Favorite Books on Writing

When you are a freelance writer/indie author, you don’t just get to “write.” You have to be your own marketer, HR department, project manager, and boss. That means the ethereal writer side of you that wants to gaze into the forest and wait for inspiration will have to meet up with “boss you” who wants “writer you” to put your bottom in the chair and write. But that’s easier said than done.

And reading books on the craft of writing and the business of writing has helped me accomplish just that. Of course, reading books on writing and not ever actually practicing the craft of writing will get you nowhere. You have to get out there and run the drills and rehearse and train. But hearing what your fellow authors have to say about their process and their journey is absolutely beneficial. The truth is that authors need help and encouragement in other areas of life beyond just writing in order to be a successful writer. And that’s where I’ve tried to educate myself on the business of writing by reading books that unpack marketing, planning, goal setting, and staying motivated.

The following is not an exhaustive list but does highlight some key books that have proved crucial in refining my writing process or helped me with the business side of writing. I hope they will encourage and help you as much as they did me!

“The Art of Slow Writing” by Louise DeSalvo

This gem has some of the most practical, relatable, and easily implementable writing advice. Drawing from her own vast writing experience and a treasure trove of other renowned authors’ experiences, the tip that made the most impact on me had to do with documenting your writing process for your projects to highlight themes and patterns…all to help you with future projects. With the previous four books I’ve written, I obviously still have early notes and drafts, but it never occurred to me to write down how I developed ideas or moved through obstacles during the drafting. I definitely have never done that with shorter projects, but now I see the value. I’ve started my own writing journal to specifically document my thought processes when I’m working on new material. Already it’s proved helpful!

“Finish” by Jon Acuff

All of Jon Acuff’s books have helped me think critically about my job as a writer and I wish I had come across his books sooner in my career. They will help you take your work seriously and evaluate decisions about your day job (if applicable), structure your projects, and set goals. In the case of “Finish,” it will help you actually get across the finish line of whatever dream project you’ve been working away at.

Also, it’s Jon Acuff and so you’ll be laughing AND learning. Bonus points if you listen to the audiobook versions of any of his books because he narrates them all and throws in extra tidbits that aren’t in the print versions.

“Atomic Habits” by James Clear

There are many quality books out there about creating healthy habits and rhythms, but James’ book still stands out to me because of his focus on starting small in building new habits, which I think is particularly helpful for writers. It’s tempting to make lofty writing goals. If you make a goal of “finally writing that book” but you’ve never strung five days together of writing consistently, writing an entire book may not ever happen for you. You have to start small, like by committing to write for 30 minutes a day, then go from there. If you want to be a writer, the sole goal is not necessarily to write a book, but to create a replicable writing process that reliably gets your ideas from your brain and refines them on paper. Without that process, a blog post, let alone a full-length book, will elude you.

“Stein on Writing” by Sol Stein

This is such a classic writing craft book. I was first introduced to it in college and got my own copy when I started writing full time. It is the most referenced book of mine when it comes to refining the mechanics on writing and the resource I used the most when I was teaching writing to high schoolers. His section on “Show Don’t Tell,” which is always a hard concept to articulate, is very accessible and helpful.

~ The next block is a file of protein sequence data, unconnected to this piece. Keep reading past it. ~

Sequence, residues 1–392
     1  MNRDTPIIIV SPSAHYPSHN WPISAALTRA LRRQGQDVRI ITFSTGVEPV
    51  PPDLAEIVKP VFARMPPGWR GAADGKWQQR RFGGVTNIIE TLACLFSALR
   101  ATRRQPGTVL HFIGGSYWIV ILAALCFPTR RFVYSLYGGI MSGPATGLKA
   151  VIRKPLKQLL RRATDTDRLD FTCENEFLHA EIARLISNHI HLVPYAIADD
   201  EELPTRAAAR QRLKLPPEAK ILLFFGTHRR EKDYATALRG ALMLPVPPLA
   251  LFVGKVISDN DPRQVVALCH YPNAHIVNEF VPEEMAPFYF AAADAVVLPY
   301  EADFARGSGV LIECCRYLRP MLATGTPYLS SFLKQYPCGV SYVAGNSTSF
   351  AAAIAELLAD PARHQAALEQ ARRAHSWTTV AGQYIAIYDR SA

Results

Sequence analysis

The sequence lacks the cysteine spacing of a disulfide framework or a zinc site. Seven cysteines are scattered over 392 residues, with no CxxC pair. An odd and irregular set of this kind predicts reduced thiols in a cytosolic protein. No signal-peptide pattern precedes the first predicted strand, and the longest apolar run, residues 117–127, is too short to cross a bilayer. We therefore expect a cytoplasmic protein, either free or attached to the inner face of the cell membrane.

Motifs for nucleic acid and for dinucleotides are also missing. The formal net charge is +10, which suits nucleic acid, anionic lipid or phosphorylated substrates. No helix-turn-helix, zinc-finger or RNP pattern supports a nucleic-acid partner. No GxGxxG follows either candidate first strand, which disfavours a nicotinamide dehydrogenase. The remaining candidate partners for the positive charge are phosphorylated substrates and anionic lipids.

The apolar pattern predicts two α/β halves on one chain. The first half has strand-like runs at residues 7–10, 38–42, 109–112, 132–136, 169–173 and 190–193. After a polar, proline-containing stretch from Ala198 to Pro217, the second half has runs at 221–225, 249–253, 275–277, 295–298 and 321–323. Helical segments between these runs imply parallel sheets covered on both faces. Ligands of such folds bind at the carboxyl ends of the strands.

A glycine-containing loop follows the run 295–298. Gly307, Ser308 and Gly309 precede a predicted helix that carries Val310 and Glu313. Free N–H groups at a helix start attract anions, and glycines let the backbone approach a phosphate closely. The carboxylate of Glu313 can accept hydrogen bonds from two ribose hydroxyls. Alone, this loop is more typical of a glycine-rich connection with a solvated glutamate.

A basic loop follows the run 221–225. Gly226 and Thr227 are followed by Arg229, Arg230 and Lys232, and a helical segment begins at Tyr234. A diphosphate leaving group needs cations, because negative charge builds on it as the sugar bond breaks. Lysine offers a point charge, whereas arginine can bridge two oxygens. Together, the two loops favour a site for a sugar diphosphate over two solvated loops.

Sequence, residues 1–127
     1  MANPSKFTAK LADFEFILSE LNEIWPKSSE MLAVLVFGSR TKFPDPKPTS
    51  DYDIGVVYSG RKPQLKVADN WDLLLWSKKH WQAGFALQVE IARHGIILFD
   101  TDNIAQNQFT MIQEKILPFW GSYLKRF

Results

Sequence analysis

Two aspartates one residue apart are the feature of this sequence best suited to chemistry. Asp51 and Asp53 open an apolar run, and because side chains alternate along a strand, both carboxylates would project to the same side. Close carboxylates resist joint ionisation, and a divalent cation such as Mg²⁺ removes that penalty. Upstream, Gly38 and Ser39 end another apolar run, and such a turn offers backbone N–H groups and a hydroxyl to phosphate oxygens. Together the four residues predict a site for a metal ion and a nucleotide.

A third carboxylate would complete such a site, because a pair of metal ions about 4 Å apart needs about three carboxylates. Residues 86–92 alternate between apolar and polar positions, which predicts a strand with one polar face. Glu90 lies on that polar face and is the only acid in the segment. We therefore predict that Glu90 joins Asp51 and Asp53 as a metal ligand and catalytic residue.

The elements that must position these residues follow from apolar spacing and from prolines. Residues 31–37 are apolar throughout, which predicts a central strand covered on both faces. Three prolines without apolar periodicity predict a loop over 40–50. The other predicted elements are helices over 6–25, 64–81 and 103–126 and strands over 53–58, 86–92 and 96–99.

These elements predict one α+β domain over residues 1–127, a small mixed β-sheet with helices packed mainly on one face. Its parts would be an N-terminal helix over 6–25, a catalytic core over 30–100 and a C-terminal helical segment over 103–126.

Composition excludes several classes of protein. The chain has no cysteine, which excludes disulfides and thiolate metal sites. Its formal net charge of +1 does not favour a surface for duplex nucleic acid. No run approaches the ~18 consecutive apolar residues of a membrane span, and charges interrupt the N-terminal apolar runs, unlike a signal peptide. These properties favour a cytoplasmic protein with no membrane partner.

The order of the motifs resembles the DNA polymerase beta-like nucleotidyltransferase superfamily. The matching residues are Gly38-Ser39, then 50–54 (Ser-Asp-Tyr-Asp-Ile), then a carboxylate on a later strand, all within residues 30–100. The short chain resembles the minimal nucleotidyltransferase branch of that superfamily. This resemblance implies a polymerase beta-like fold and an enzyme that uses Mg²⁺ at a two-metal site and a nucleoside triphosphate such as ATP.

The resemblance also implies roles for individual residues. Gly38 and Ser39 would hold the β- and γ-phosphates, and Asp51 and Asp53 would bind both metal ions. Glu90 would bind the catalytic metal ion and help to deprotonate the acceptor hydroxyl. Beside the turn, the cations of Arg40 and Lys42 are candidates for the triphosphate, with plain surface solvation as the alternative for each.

“On Writing” by Stephen King

This is the only Stephen King book I’ve finished (I’ve started and then abandoned a few) but it’s still a fascinating look behind the curtain. Writing is HARD and King makes no bones about it. New authors always seem to underestimate the time a book takes from drafting to editing and revising to finally getting out in the world. I know I did when I was just beginning. King presents an unvarnished look at the process along with practical writing tips. And you need that does of truth if you’re ever going to learn how to pace yourself in this job.

“Bandersnatch” by Diana P. Glyer

I read this book last summer after listening to an interview with the author. It will probably help to be somewhat familiar with Tolkien and Lewis’ work before diving into this one, but it’s not necessarily required. Writing can be very isolating, but the truth is we need other authors and writers who get us and our work and can help critique, encourage, and refine us through all of our writing projects. I had known before that Lewis and Tolkien influenced each other in the writing of Narnia and The Lord of the Rings trilogy, but Glyer reveals in grander detail just how much the legendary authors really did influence each other. And it blew my mind. Don’t discount the power of community in your writing!

The amount of “craft books” available can be overwhelming, so I stick to this rule of thumb borrowed from another author: I tried to read (or listen to) one craft book a month. You may be able to absorb more or less, but I find this pace plenty doable along with your actual writing.

What has been your favorite craft book that you’ve read? Leave some titles in the comments below!

100 Books in 2020

Are we sick of the word unprecedented yet?

At the risk of overusing the word, I have to share this was indeed an unprecedented year of reading for me: it’s my first year to hit triple digits for my book count as an adult! I set the goal of 100 books when I was a naive thing in January of 2020 but quickly felt the pressure of trying to get to that number rather than just enjoying reading. So I adjusted. I moved the goal back down to 80, but over the months as I could better gauge my pace of reading, I readjusted it up to 90 and then back to 100.

I’m already a big mood reader, but the pandemic definitely influenced my reading habits. I delved into far more fiction (my mix is usually 50/50), and some of the stand-out gems were from the YA section. I found I couldn’t move through non-fiction at the pace I normally do; I read some top-notch NF, but I just found I needed to give myself more time to absorb the ideas.